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Sunday, March 13, 2005

Jes SunDial Article #3

Hey all! Do me a favor if you get the chance. Read over my article for the sundial. Look for spelling, grammer, and most of all LOGICAL problems (not so much disagreement, though it is welcome). Ok, this is not a final draft, just a test run. The article is due Tuesday morning.

My love,

Jes
_____

REVISED: Thanks Tim! (and thanks to my Dad too!)

The Misplaced Blame of Secularist Influence

Commentator Bill O’Reilly, from Fox Television’s “The O’Reilly Factor” reported in March of 2004 that over 78% of Americans believed that moral values were on the decline, and described the moral compass of America as “fair to downright poor”. O’Reilly’s main target for the decline of morality was secularist influence on American culture.

I believe the blame on secularist influence is misplaced.

I am not a stranger to the claim that the major pitfalls of American morality are due to secularist influence on society. Furthermore, as secularist influences come from people who hold a secularist set of values and beliefs, I take this claim to mean that those of us who are secularist are responsible for this downfall. In other words, “hide your children, the Atheists are coming”.

I find this idea strange and confusing, for two reasons.

First and foremost, while I often hear people complain of the downfall of American society and morality, I have found in my own experience that this downfall has been greatly embellished. Though it cannot be denied that there are some problems in America today, certainly it cannot be contested that America has made great strides in promoting a more fair and equitable society within the last few decades. This is progress I would think both spiritualists and secularists could agree on as being morally valuable.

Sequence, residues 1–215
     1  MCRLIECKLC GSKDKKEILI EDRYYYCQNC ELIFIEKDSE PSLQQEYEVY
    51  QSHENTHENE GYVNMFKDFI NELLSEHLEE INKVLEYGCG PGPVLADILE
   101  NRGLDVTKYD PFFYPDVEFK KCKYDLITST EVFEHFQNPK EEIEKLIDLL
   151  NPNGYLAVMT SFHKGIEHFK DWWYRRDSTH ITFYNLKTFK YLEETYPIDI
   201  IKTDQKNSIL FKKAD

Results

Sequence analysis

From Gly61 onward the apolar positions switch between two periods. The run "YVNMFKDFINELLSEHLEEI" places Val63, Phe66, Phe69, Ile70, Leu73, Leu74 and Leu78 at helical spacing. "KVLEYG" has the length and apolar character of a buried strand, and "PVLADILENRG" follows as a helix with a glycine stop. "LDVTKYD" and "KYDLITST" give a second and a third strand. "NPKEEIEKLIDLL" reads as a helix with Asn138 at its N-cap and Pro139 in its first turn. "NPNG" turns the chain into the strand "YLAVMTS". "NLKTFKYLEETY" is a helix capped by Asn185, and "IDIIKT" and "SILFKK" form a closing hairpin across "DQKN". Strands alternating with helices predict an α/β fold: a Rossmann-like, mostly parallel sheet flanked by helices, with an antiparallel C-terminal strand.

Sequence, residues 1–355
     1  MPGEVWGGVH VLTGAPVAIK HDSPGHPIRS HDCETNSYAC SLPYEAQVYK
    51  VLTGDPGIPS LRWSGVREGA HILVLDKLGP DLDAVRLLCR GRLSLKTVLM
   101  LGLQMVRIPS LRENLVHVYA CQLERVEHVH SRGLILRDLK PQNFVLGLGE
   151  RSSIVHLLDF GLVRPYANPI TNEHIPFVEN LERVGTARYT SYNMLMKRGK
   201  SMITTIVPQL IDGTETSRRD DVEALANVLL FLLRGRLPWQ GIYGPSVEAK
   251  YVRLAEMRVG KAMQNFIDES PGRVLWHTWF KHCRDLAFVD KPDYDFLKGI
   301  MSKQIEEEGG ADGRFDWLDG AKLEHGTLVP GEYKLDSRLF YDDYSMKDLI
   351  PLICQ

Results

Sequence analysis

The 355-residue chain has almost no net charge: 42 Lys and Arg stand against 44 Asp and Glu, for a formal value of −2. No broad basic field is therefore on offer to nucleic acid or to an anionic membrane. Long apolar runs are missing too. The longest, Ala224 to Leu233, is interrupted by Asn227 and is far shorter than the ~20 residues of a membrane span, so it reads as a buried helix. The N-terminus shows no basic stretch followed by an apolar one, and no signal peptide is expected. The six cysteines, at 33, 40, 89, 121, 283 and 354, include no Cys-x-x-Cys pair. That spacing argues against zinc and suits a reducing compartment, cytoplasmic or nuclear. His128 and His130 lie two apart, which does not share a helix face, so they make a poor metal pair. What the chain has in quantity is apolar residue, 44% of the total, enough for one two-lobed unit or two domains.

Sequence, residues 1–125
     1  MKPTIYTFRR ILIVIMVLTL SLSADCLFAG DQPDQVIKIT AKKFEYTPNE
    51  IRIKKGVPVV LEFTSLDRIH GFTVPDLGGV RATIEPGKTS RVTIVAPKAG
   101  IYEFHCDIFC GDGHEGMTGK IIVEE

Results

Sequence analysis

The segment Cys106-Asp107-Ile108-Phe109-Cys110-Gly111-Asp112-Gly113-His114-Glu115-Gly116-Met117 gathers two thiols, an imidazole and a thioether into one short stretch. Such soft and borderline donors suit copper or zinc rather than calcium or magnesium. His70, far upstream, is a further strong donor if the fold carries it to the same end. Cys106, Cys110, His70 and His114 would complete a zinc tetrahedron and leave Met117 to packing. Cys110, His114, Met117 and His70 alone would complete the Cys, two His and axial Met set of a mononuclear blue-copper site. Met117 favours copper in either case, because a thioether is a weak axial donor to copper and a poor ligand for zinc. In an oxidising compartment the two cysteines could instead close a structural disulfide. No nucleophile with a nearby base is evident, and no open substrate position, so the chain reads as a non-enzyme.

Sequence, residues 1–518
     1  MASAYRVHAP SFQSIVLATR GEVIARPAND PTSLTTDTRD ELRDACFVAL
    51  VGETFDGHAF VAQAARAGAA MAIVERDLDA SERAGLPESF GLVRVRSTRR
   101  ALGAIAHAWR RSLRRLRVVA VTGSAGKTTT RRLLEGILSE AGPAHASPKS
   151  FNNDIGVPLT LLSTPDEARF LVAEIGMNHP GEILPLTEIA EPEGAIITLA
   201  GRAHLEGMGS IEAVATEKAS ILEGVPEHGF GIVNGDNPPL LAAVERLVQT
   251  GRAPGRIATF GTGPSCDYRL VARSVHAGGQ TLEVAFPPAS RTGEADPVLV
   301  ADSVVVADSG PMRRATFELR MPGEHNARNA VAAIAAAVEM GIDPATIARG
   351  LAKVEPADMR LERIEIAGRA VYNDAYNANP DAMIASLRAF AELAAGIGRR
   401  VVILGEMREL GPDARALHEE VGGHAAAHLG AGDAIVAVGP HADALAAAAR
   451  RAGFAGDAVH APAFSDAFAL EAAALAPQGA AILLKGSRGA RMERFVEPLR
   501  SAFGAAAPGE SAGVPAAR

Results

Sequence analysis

I appreciate the appeal to the “good old days” of the 1940s and 1950s. Life seemed stable and enriching back then. However, America in the 1940s and 1950s promoted ideas that were sexist and racist. Women were chained to the lives their husbands let them have, and were socialized to appreciate dehumanization and oppression. Women were shunned for wanting to live lives away from children and independent from men. People of races other than white were systematically abused and unprotected by the states in which they lived. Today, women and people of all races are well on the path to equal rights and opportunities. Though Americans are not yet completely equal, among the legislatures, inequality and discrimination are actively eliminated. I for one have no desire to return to these “good old days.”

I do not deny there is some departure from traditional Christian values evident in media and entertainment. There may be an increase in accessibility to fantasy violence, explicit sexuality, and offensive language in America as of late. The spiritualists often cite this increased accessibility as the catalyst of immoral behavior in society. However, any sort of loss of morality in America, and any sort of increase in violence, may be due to other factors besides the television and videogame industry. I believe when we look at an aggregate gain in morality we will find that a system of values allowing all people a chance to enjoy a life once reserved for white men seems a small price to pay for more exposure to sex, swearing, and fantasy violence. Additionally, secular icons like Britney Spears, video games like “Star Fox Assault,” and four letter words may not be so immoral or socially destructive as the spiritualist would suggest.

The second reason I believe the spiritualists have severely misplace blame, if indeed there is blame to place, is the inability secularists have to influence the progression of American morality.